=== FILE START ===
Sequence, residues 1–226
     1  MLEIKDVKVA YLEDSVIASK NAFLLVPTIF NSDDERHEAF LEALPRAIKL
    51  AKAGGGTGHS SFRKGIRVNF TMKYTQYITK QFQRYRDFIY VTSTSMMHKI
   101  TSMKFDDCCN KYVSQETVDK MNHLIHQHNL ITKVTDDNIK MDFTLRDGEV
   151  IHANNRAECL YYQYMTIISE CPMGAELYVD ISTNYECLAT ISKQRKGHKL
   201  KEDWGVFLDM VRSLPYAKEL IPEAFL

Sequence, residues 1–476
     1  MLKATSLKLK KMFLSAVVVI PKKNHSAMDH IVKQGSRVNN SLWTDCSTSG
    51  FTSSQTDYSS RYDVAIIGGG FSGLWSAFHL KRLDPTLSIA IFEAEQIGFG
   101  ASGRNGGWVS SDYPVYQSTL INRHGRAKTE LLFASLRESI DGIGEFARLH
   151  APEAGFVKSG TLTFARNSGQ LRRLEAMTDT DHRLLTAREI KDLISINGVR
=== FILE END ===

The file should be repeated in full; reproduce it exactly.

Sequence, residues 1–226
     1  MLEIKDVKVA YLEDSVIASK NAFLLVPTIF NSDDERHEAF LEALPRAIKL
    51  AKAGGGTGHS SFRKGIRVNF TMKYTQYITK QFQRYRDFIY VTSTSMMHKI
   101  TSMKFDDCCN KYVSQETVDK MNHLIHQHNL ITKVTDDNIK MDFTLRDGEV
   151  IHANNRAECL YYQYMTIISE CPMGAELYVD ISTNYECLAT ISKQRKGHKL
   201  KEDWGVFLDM VRSLPYAKEL IPEAFL

Sequence, residues 1–476
     1  MLKATSLKLK KMFLSAVVVI PKKNHSAMDH IVKQGSRVNN SLWTDCSTSG
    51  FTSSQTDYSS RYDVAIIGGG FSGLWSAFHL KRLDPTLSIA IFEAEQIGFG
   101  ASGRNGGWVS SDYPVYQSTL INRHGRAKTE LLFASLRESI DGIGEFARLH
   151  APEAGFVKSG TLTFARNSGQ LRRLEAMTDT DHRLLTAREI KDLISINGVR